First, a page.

In terms of resource efficiency strategy in discrete manufacturing, recycling production waste through conventional remelting techniques is often considered the only viable option. However, this approach still implies significant energy consumption and does not allow avoiding substantial material losses. Furthermore, it is no guarantee for material purity preservation. Alternative recycling routes, in which the waste output of one process is considered as potential input resource for other processes, are being studied. In this presentation, a series of examples will be reviewed that demonstrate how specific characteristics of waste streams, typically considered not desirable for conventional recycling purposes, can become assets when appropriate output-input matching can be achieved. The environmental impact that can be avoided by such an industrial symbiosis approach will be illustrated through some representative cases.
Joost Duflou holds master degrees in Architectural and Electro-mechanical Engineering and a PhD in Engineering Sciences from KU Leuven, Belgium. After a number of years of industrial experience in different international companies, he has been a faculty member at the Mechanical Engineering Department of KU Leuven since 1997. He became a tenured Full Professor in 2012. His principal research activities are in the field of design support methods and methodologies, with special attention for Ecodesign and Life Cycle Engineering, and Sustainable Manufacturing. As chairholder of the LVD Chair on Sheet Metal Processing, he also leads a research group focusing on sheet metal-oriented manufacturing processes and systems and he supervises the KU Leuven FabLab. He is a CIRP Fellow and has published over 250 international publications. As chair and board member of several spin-off companies and professional associations he contributes to research valorisation and dissemination. More details can be found at:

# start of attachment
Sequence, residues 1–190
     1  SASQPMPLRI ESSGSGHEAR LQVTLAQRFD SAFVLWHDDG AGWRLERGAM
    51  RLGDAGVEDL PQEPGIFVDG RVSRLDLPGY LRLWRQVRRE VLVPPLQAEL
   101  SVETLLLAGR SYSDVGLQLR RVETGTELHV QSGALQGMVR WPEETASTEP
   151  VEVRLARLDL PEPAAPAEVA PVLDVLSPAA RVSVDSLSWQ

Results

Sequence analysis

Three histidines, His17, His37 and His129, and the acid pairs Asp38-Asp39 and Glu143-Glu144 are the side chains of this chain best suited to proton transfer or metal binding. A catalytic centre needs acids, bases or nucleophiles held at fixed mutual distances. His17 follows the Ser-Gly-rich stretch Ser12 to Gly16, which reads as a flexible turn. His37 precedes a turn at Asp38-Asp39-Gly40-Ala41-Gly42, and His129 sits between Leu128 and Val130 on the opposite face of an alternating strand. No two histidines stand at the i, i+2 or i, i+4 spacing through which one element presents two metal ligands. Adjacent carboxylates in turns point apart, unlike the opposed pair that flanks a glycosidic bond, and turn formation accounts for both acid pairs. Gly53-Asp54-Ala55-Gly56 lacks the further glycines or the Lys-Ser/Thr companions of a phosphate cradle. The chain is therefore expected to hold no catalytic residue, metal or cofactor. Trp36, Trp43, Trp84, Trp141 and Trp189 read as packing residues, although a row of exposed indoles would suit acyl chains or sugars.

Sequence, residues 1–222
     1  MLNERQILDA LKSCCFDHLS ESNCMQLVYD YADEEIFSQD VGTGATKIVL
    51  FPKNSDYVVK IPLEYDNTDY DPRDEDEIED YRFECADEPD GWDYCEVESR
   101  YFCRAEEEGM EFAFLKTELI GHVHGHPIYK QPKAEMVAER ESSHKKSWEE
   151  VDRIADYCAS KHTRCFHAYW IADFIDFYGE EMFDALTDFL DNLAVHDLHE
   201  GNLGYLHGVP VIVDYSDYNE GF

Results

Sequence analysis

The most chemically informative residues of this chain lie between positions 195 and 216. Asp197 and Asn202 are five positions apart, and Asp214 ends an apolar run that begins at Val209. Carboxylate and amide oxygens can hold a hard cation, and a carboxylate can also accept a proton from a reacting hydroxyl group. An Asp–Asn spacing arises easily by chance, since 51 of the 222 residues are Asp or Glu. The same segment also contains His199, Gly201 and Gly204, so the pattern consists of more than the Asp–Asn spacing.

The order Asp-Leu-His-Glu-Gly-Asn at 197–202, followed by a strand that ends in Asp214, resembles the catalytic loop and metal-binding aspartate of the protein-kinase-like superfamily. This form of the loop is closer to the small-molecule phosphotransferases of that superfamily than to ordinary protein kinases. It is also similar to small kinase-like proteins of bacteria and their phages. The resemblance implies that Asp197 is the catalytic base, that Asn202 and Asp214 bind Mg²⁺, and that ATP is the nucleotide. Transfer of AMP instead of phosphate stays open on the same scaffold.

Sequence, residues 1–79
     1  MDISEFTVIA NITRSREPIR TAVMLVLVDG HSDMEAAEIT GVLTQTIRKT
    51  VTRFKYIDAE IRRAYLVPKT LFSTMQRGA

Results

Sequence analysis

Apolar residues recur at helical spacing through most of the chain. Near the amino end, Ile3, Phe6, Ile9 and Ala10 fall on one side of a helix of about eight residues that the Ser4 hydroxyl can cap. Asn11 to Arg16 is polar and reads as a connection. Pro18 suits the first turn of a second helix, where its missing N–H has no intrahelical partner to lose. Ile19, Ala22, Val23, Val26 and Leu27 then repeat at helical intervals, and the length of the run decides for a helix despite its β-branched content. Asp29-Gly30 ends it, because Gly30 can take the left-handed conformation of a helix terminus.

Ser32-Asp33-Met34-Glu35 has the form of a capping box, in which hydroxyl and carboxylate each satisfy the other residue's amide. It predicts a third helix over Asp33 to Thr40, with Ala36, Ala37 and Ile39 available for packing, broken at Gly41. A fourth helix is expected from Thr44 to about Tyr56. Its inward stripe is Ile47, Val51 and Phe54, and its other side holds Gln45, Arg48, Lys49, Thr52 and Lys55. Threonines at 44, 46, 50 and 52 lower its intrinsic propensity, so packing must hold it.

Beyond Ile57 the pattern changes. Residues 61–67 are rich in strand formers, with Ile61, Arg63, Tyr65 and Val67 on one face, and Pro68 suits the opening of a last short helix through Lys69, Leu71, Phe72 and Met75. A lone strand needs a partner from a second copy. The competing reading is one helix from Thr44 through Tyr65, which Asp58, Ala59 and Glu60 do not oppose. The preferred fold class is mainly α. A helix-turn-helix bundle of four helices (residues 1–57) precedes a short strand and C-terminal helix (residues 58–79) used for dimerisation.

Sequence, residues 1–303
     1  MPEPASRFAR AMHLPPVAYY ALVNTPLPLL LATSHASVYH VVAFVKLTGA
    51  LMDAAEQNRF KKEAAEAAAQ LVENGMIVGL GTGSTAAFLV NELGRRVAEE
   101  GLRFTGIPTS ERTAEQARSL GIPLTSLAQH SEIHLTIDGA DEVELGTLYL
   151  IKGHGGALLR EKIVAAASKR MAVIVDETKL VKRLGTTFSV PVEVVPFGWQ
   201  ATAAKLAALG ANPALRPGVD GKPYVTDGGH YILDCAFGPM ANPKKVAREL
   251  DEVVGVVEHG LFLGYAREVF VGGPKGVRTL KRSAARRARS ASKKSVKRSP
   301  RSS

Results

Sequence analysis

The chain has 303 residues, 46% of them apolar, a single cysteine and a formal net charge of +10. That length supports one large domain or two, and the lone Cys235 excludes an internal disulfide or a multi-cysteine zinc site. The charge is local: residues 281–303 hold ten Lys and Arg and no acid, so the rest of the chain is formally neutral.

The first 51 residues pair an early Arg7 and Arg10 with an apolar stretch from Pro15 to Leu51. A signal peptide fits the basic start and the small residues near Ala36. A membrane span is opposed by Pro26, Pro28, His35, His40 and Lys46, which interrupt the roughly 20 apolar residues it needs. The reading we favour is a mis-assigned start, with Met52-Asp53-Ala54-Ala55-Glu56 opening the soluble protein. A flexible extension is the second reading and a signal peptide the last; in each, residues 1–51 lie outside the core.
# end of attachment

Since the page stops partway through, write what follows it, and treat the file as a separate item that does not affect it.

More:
Prof. Dermot Brabazon
Director, Advanced Processing Technology Research Centre at DCU;
Deputy Director, I-Form Advanced Manufacturing Research Centre, Dublin City University, Ireland
Proposed Presentation Title:
Additive Manufacturing - A Game Changer for Sustainable Manufacturing?
Over the last decade in particular, improvements in Additive Manufacturing (AM) technologies have resulted in increased potential to directly print in one step functional components. In order to achieve this in produced parts, a number of important requirements have to be met such as a high-level dimensional accuracy, the availability of an improved range of functional materials, and a supply chain and cost model which is competitive with traditional manufacturing. In recent years, great strides have been made in these areas which enable a new range of applications to avail of AM technologies. The dimensional, physical and chemical integrity of polymer and metal printed parts have improved greatly allowing a broader range of end applications. There are now over 100 AM equipment suppliers which is mirrored by the increase in the materials supplied for these machines. Production speeds and quality control also continue to improve. The AM process has the ability to produce complex components with integrated functionality requiring less material and fewer production assembly steps. The raw materials for AM can be recycled, particularly for metal AM. The process can also be used to process parts in remote locations, with reduced need for transportation costs. In this talk, an overview of these developments and in particular their implications for sustainable manufacturing will be presented.